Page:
• johnf331

Student Attendance is a Leadership Issue


Wooden figurines showing a leader connected to others.

When I am conducting training or a workshop, you will hear me say, “Student attendance is a leadership issue.” I get a lot of head nods in acknowledgement but I don’t often see that as a practice in reality. So what does, “Student attendance is a leadership issue” really mean? When district leadership prioritizes attendance, it’s in the top 5 of the superintendent’s priorities.


The rationale of why this matters is simple. As employees, we focus on what matters most to our boss. For example, if the boss cares deeply about hiring, then HR is likely hosting recruitment fairs. If the boss isn’t paying attention to something, then employees are likely not working on it with the same intensity.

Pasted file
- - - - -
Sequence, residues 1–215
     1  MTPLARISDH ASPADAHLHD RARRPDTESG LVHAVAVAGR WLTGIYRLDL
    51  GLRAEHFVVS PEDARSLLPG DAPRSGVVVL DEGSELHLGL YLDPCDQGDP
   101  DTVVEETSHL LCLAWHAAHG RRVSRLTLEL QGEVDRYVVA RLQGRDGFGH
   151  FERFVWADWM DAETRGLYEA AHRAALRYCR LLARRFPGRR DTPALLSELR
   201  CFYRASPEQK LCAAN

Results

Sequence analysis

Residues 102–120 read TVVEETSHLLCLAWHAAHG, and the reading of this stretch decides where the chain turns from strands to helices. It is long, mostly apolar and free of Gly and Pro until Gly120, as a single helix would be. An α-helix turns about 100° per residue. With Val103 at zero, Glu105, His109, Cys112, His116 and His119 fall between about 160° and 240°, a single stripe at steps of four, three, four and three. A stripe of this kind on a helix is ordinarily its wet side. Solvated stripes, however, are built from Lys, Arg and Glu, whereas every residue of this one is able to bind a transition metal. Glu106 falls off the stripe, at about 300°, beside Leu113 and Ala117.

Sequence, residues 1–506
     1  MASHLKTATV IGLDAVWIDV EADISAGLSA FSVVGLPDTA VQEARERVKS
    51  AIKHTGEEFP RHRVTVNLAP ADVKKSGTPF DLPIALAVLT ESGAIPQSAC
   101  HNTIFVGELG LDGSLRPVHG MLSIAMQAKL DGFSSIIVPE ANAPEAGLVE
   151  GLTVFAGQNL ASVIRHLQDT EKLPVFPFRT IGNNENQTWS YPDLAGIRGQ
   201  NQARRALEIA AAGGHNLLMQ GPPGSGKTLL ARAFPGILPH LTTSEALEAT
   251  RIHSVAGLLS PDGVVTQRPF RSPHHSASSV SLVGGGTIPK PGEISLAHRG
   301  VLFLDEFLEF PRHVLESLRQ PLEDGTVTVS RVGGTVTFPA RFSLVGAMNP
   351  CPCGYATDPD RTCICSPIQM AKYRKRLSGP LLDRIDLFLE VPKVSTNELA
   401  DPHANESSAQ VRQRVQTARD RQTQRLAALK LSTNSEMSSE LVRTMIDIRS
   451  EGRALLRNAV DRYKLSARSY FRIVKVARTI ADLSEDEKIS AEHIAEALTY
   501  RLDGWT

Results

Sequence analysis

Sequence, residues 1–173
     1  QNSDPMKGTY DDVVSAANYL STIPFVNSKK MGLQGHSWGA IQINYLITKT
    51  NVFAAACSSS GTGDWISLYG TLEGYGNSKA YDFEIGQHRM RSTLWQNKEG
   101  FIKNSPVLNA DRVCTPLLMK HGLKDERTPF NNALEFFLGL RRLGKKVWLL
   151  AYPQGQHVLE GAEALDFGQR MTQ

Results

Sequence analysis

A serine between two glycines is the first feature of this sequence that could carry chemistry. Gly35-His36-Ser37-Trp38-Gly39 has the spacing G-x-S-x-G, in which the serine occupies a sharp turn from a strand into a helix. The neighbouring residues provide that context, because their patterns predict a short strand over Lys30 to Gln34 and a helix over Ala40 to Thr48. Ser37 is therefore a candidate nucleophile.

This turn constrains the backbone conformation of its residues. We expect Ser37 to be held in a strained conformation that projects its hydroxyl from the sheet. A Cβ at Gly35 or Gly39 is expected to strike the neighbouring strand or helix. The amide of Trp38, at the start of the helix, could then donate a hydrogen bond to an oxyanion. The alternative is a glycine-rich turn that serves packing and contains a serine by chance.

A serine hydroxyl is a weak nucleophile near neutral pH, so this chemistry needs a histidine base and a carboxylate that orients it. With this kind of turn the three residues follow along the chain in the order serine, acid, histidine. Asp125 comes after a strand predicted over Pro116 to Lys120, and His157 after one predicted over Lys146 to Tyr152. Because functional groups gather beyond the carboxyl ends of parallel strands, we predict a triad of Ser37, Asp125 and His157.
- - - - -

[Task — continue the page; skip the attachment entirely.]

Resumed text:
Districts with a strong leadership focus on attendance see greater gains than those that don’t.

This applies to attendance and creating a school-going culture across the district. Districts with a strong leadership focus on attendance see greater gains than those that don’t. Kids coming to school (or not) is the only activity that impacts every department—from how many buses to run, to how much food nutrition services should purchase, and attendance helps determine how many teachers to hire. I can’t think of any other indicator in a district that has that kind of cross-organizational reach.


If that’s not enough, improved attendance pays both financial and academic dividends, two key job determinants of superintendencies. So, while district superintendents have a lot on their plate, attendance should always take up a healthy portion of it.